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A system administrator who has actually been through a real disaster told me in a recent podcast interview that most of the challenges he had were more about basic infrastructure like internet, lodging, and food. In this final article in the series, I want to focus on the actual backup and DR system itself – without it you’re getting nowhere. Click links to read part one and part two.
I’m sure you tested your backup and DR system during its initial implementation. The important thing, however, is that this testing should continue. Only then will you be able to reliably state your current RTA and RPA back to the business units so that they will know what they can expect in any sort of disaster.
It’s also important that you test the recovery of as much of your data center as you can. The cloud makes this possible, so there’s really no excuse anymore. You should be regularly restoring your entire mission-critical enterprise somewhere in the cloud.
The reason this is important is due to the advent of ransomware. The chances that your company could be impacted by ransomware seem to go up every day. But if you’re able to reliably tell someone “I can have all of our mission-critical systems back online in two days,” you might just save your company millions of dollars in ransom money.
As we saw in the first two parts of this series, your hands will often be tied behind your back during the actual recovery. Therefore, you should try to replicate this as much as possible during your test recoveries. If you are the person that designed or administers the backup and DR system, you should not be the person doing the actual recovery. It should be performed by someone who is technically capable, but not operationally familiar with the system itself. They should be able to follow your documentation and execute the recovery. If you are able to do that, you will be prepared for an actual disaster.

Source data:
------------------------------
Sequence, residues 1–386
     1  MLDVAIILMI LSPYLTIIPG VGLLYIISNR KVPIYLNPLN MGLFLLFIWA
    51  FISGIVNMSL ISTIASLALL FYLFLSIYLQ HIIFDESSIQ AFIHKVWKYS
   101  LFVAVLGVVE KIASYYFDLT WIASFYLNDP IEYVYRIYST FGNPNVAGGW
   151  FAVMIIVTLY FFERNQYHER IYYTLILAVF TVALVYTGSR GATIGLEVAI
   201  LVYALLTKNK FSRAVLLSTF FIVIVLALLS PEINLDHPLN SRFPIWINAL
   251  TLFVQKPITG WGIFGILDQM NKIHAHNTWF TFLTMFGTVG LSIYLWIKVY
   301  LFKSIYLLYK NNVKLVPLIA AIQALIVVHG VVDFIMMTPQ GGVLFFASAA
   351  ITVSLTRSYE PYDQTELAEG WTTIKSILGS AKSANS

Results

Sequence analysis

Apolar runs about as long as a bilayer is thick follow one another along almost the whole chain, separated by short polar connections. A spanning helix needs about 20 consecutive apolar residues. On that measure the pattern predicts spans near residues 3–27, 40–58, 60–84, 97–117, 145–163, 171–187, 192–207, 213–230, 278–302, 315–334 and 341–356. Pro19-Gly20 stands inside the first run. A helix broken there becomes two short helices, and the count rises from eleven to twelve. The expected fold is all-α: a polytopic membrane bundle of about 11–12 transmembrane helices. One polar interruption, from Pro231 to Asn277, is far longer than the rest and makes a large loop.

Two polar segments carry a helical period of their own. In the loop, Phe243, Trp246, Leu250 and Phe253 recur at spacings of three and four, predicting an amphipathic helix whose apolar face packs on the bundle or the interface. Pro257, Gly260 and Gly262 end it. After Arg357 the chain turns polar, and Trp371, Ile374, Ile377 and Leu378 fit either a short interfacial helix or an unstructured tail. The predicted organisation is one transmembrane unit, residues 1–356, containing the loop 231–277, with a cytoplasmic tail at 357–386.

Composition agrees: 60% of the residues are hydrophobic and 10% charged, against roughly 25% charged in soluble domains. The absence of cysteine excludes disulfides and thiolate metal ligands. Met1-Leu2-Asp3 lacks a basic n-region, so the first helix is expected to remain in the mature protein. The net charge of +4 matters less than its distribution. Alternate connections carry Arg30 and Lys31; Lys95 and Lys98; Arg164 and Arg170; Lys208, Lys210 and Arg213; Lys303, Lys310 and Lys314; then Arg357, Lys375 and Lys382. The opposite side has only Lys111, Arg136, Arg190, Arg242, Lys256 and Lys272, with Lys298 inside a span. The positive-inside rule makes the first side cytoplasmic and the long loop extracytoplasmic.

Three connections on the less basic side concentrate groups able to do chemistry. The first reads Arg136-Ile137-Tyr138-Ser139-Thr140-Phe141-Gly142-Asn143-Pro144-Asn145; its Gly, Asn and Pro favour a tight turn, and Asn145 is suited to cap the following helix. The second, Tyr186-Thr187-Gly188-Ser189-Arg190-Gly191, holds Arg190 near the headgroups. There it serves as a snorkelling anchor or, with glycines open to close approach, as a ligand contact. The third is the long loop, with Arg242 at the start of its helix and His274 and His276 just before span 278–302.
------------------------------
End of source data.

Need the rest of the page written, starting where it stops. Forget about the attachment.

Another important thing that we found out when interviewing this person who has actually been through a disaster is the importance of having extra backup system capacity. This is important because during the actual recovery, every spare computing cycle and every spare I/O will be used to conduct the recovery. If the recovery takes more than a few hours, your company needs to continue to function and its data needs to continue to be protected during that time.
The recovery that our podcast guest experienced took two weeks. You cannot go two weeks without backing up important company data, so it was lucky for him they had extra backup system capacity they could activate during the disaster recovery. In his case, it was their tape library they use to provide copies of backups. They were able to change the backup configurations so the backups went directly to those tape drives. While it might not have been ideal from a performance standpoint, it allowed backups to continue while the recovery progressed uninterrupted.
Another important thing we heard during this interview was the importance of automatic backup inclusion. In this case, it meant that as systems were recovered, they were automatically added back to the new standby backup system. I can’t stress strongly enough that this concept is a crucial component for any good system.
Finally, we discussed the need to be flexible. There is the plan and then there is the actual recovery. The key in an actual disaster recovery is to be flexible, which means that you need flexible people. I am once again reminded that your most important resource is the people that are going to make everything happen. So my final piece of DR advice is to check on your people. Make sure they know how important they are to you, because one day they just might be the thing standing between your company and oblivion.